There are a lot of blogs and sites out there which will tell you how to build muscle, lose fat, tighten your core, eat the right foods, train stubborn body parts, learn new lifts . . . but very few which discuss how to wrap your mind and heart around the dedication necessary to make solid, ongoing progress in the gym.
I hope to do that.
I'm going to start by chronicling my own transition from overweight, pre-diabetic semi-cripple, dependent on a cane and barely able to stand, much less walk, to competitive bodybuilder. Okay, so I've only done it once -- I'll do it again. I LIKE being fit and healthy, and at 56, I'm healthier, stronger and happier than I've been in years.
This is what I looked like in December of 2005:
By Christmas the next year, the cane was a constant companion:
By July of the following year, I was, well, obese:
Then I had back surgery:
It made a huge difference. On July 31, 2007, Dr. Ali Mesiwala, and his team from the California Center for Neuroscience and Spine at Pomona Valley Hospital (their HQ is now at Chapman Medical Center in Orange), inserted three artificial discs, replacing three herniated ones. They fused my L5-S2, and build a titanium cage from L5 up to L2, and transplanted a couple of nerves to take over and bypass ones between L4 and L5 that were so impinged I could no longer walk normally.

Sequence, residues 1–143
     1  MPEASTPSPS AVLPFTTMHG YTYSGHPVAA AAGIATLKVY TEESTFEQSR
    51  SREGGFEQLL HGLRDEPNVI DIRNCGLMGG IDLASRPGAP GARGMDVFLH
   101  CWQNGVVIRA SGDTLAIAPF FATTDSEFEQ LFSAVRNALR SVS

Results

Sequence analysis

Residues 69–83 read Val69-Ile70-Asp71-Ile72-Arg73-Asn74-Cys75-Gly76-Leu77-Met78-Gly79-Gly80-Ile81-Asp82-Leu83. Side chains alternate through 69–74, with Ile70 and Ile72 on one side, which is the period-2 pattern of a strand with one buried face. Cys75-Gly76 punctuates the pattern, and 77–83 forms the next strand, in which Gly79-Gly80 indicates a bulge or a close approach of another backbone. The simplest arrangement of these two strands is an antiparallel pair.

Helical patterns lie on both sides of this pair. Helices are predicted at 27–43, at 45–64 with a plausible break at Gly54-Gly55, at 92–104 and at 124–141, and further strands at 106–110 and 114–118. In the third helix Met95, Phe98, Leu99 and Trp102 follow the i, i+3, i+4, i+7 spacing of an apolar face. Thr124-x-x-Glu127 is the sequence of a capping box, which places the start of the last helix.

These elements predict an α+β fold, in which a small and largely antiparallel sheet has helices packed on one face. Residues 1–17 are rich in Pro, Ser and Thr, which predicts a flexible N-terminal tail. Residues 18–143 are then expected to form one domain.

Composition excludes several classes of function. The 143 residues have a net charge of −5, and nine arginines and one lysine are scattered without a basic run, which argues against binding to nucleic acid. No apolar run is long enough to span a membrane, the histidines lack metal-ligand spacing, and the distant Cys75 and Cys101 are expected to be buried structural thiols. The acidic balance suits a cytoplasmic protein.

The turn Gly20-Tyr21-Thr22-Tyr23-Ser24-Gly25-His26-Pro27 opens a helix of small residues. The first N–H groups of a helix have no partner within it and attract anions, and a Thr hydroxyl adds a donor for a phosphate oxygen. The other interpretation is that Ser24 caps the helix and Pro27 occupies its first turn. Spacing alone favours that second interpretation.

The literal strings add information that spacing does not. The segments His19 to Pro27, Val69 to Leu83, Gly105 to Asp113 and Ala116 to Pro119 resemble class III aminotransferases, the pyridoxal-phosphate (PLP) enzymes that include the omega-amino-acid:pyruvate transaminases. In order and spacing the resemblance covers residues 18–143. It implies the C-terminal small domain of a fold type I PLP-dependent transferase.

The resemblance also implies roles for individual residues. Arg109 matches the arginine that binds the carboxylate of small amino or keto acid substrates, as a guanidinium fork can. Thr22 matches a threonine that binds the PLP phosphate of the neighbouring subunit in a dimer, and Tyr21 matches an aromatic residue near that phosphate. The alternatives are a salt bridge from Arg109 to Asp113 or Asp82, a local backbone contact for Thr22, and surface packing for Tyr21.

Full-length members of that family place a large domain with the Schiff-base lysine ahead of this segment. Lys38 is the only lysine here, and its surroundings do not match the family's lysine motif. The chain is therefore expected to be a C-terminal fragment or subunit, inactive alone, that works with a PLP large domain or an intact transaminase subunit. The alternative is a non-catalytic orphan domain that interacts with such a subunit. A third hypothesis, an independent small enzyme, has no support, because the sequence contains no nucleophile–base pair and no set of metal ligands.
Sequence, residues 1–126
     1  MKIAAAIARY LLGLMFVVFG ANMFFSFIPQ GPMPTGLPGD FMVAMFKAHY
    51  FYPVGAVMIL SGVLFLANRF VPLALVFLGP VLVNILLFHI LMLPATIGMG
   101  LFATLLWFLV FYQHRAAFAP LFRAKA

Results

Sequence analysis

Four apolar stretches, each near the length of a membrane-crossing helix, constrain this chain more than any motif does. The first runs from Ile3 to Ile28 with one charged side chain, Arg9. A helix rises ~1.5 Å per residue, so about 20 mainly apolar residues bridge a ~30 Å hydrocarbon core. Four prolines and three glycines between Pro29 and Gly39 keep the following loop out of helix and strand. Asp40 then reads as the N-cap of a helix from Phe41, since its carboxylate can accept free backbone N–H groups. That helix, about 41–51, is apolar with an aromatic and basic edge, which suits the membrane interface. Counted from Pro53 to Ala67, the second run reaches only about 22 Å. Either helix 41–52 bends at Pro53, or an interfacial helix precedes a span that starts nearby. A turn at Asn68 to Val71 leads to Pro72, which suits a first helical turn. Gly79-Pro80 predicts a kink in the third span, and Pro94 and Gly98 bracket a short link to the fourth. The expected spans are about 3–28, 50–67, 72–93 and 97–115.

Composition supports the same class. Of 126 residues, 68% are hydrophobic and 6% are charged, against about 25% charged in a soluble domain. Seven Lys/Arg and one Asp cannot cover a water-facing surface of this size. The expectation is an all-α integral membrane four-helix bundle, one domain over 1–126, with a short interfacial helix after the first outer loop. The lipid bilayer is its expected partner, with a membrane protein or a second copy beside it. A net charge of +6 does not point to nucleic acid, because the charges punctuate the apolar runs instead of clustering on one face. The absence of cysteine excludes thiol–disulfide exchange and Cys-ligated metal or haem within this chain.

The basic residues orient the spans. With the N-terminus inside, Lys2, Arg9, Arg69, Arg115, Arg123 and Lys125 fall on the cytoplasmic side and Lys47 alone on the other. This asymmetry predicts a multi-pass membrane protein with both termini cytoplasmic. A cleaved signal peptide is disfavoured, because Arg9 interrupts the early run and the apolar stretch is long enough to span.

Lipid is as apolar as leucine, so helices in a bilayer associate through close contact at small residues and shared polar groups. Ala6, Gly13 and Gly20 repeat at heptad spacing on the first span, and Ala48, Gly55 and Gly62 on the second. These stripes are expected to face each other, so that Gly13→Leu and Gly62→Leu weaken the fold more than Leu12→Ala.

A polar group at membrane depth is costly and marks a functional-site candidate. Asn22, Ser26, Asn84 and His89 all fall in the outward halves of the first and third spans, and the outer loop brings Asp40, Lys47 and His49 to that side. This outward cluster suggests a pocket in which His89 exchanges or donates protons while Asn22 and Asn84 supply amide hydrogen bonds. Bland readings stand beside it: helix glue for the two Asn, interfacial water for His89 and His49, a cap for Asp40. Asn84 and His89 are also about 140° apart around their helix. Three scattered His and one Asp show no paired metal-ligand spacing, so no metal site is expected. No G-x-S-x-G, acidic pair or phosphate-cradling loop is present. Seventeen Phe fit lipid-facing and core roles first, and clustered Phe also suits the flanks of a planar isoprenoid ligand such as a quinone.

I spend a nearly a year recovering, but then, the doctor gave me the great news -- go back to the gym. At that point I was 283 pounds and 34% bodyfat, in July of 2008. By October, I'd gotten myself down to 266, and 29%. Then something crazy happened. I fell in with something called "The Animal Barbell Club", sponsored by Animal Pak and Universal Nutrition.
In case you can't tell, that's the new me on the right, 5 months after falling in with the ABC, in March of 2009, at a weight of 228 pounds, and 16% bodyfat.
. . . more tomorrow.